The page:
Fears that the French Senate will fail the climate referendum promised by Macron

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A promise by President Emmanuel Macron to hold a referendum on including climate action in the French constitution is put to the test in the Senate, a day after thousands of protesters took to the streets to demand policies more ambitious climate change policies.

Doubts were cast over whether the referendum would take place after a deputy from Macron’s La République en Marche (LReM) party accused the Senate – dominated by the right-wing opposition Republicans – of rewriting a proposal referendum adopted by the National Assembly last week.

Under French law, the two chambers of parliament must agree on the wording of a referendum before it can be submitted to the people.

In a meeting with the Sunday Newspaper, the LReM deputy Pieyre-Alexandre Anglade declared that the Senate had “emptied the referendum bill of its substance”, preventing an agreement between the two chambers.

The news added to the fury of protesters who say France will fail to meet its climate targets under the government’s broader climate and resilience bill, which is due to arrive in the Senate in mid-June.

Macron took time for a European event in Strasbourg to assure protesters that the referendum bill had not been dropped and would continue to “live his parliamentary life”, which he said was the only way to find a deal.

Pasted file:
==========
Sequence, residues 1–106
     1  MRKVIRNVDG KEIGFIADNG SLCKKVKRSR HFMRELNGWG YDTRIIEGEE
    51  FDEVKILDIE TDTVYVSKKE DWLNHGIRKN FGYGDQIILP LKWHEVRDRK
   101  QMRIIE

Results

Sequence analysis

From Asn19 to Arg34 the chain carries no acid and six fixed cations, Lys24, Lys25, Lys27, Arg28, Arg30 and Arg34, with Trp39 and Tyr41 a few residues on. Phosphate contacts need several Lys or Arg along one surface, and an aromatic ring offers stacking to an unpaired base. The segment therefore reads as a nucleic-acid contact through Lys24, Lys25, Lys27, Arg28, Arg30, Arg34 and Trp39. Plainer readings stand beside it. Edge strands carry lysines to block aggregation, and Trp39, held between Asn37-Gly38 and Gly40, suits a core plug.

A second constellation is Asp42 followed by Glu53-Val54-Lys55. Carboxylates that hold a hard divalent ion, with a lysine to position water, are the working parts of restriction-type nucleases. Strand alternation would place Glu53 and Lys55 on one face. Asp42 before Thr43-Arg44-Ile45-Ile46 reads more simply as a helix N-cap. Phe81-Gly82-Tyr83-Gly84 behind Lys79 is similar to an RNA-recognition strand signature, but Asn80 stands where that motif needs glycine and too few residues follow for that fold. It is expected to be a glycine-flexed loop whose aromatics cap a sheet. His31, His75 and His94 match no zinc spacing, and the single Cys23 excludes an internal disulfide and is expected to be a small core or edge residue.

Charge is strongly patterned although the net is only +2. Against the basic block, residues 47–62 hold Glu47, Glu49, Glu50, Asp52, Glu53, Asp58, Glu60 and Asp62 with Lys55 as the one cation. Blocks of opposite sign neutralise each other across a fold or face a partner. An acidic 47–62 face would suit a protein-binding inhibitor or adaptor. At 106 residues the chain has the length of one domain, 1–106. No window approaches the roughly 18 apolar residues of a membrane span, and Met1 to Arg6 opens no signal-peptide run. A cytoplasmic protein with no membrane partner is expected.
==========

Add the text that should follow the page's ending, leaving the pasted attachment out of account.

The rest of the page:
Ecological transition

France has pledged to reduce its emissions by 40% by 2030, and the climate law – aimed at rolling out the 146 proposals of the Citizens’ Climate Convention – is how the government hopes to keep its promises.

Environment Minister Barbara Pompili said the legislation, perhaps the most important in Macron’s five-year term, would affect the daily life of every person in France.

It includes restrictions on domestic flights, measures to make buildings more energy efficient, a ‘carbon score’ for goods such as food and clothing, the creation of an ‘ecocide’ offense and incentives to consumption for greener cars.

However, opponents say the bill will have limited impact, arguing that bans on advertising fossil fuels should have been extended to other polluting products, and that ecocide should have been erected in ” crime “rather than a misdemeanor.

Alma Dufour, a Friends of the Earth activist, told RFI that France also had a responsibility to put pressure on multinationals that were financing fossil fuels.

“Rich countries have a duty to reduce their emissions … We know that three quarters of the African population are already affected by climate change,” she said.

“We are fighting for France, but also for the rest of the world because the climate unites us all.



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